The whole incident made a mockery of the ‘captain’s challenge’, with Chiefs captain Sam Cane burning his challenge in a vain effort to save seven points and his halfback. Despite overwhelming evidence to uphold the challenge – Webber’s timely contact to Mo’unga’s arm forcing a huge forward pass in the lead up to a try – the officials seemed to be on a different wavelength.
And what about the fact that Cane was forced to challenge anyway? With a try being scored in the play and an obvious question mark existing about Mo’unga’s pass in the lead-up, why wouldn’t the TMO have investigated that of his own accord or at the referee’s request instead of Cane being required to do their job for them?
Instead of Cane asking for the play to be reviewed, perhaps his first question should have been, “Is the TMO reviewing that pass?”.
The captain’s challenge is a concept that had barnacles on it right from the get-go. This clumsy episode will have won no converts.
Everyone knows that the team that least needs outside help is the Crusaders, and their 39-17 win was of course down to their relentless efficiency rather than any luck.
It was also down in part to the wonderful first-half finish by winger Leicester Fainga’anuku, whose effort to plant the ball in the corner without his left foot touching the ground was worthy of any Olympic high jumper.
And while you’re checking that out, how about the pass on the run at full speed into space by David Havili? Sheer quality.
The match marked the 11th straight defeat for the Chiefs, but they are clearly an improved version of last season and a win cannot be too far away. Fresh from a gig with the ‘Stray Cats’, Damian McKenzie was as lively as ever from fullback, and there were good signs from emerging All Black lock Tupou Va’ai.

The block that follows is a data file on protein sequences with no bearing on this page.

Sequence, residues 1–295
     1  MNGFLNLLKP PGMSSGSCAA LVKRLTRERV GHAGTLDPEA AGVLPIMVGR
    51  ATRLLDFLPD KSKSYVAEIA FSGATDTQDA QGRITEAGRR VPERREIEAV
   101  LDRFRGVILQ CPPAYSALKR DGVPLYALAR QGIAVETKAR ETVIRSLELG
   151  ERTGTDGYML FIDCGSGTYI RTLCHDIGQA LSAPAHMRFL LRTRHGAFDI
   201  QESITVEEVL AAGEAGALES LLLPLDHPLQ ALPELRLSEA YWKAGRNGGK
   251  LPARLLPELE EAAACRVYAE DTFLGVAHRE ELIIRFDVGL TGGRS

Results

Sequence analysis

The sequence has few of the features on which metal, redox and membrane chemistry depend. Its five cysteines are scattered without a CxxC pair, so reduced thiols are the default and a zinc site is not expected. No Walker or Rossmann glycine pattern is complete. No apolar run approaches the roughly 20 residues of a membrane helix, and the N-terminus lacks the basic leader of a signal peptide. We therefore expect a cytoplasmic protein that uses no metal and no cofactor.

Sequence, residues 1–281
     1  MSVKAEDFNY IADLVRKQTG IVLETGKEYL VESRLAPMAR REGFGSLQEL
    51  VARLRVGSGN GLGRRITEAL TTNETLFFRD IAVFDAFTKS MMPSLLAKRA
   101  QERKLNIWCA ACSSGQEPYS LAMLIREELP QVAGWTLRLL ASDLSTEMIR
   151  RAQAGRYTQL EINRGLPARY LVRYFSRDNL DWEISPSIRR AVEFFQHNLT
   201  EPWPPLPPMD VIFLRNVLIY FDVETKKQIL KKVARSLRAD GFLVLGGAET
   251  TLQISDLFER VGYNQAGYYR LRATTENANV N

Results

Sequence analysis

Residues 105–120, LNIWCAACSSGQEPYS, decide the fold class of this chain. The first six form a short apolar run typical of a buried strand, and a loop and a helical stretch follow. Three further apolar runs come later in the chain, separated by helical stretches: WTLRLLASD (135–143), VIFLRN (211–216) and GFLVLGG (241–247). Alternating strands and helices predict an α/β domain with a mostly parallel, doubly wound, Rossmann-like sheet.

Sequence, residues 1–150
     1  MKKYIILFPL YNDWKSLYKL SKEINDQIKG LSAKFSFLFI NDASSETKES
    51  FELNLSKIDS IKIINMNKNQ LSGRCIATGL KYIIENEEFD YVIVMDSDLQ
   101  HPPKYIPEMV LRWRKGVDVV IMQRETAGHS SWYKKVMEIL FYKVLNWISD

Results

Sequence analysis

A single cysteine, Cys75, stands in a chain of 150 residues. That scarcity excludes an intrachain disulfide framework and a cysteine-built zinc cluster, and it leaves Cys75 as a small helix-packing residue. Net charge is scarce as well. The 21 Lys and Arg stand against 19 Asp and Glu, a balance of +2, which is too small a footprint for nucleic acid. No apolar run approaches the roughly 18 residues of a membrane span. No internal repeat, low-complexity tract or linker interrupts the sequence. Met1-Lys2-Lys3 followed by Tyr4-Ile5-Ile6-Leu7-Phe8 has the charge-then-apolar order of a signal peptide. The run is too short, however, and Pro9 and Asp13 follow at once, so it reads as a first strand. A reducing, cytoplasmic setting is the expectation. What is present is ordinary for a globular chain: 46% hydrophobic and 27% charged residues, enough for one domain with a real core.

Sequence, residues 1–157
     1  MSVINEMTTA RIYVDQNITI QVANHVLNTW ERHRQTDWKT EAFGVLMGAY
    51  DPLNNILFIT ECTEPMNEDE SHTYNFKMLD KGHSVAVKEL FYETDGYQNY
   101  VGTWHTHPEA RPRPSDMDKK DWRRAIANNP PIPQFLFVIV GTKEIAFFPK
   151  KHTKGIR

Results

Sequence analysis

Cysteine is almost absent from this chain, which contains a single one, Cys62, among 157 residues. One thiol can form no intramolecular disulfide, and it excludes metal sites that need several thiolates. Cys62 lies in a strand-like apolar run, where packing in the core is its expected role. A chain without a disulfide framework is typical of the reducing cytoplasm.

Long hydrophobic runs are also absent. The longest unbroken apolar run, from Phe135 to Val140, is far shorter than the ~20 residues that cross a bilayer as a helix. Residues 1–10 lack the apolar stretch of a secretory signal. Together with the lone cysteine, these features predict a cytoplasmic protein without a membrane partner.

The weekend’s action closed off with an identical score-line, 39-17, to the Blues, in an authoritative win over the Highlanders in Auckland.
What impresses most about this developing Blues side is the balance they have between forwards and backs. Rolling out a new 20-year-old lock the size of Eben Etzebeth doesn’t hurt either.
Sam Darry is a Canterbury product who has traded off the opportunity to be schooled by Sam Whitelock for more playing opportunities with the Blues. On the evidence of his run-on debut it looks as if he’ll be getting more of them.
The Highlanders dealt themselves out of the game early, ill-disciplined in their efforts to try to slow the Blues’ recycle game. They’ll have the obligatory ‘look in the mirror’ during their bye week, but it’s time now to stop talking about discipline and actually start walking the talk.
The quality rugby didn’t end there with the first half of England’s 23-20 win over France as good as any Six Nations rugby seen in recent times.
There was some talk afterwards that France’s COVID-interrupted preparation contributed to their second-half fade-out, but it would be churlish to take away from England’s response to their disappointments against Scotland and Wales.
The title, and a grand slam, is now Wales’s to lose, although any bets should be carefully considered and made with someone else’s money. After all, who in their right mind would have bet four weeks ago that the Brumbies would be unable to hold their scrum up?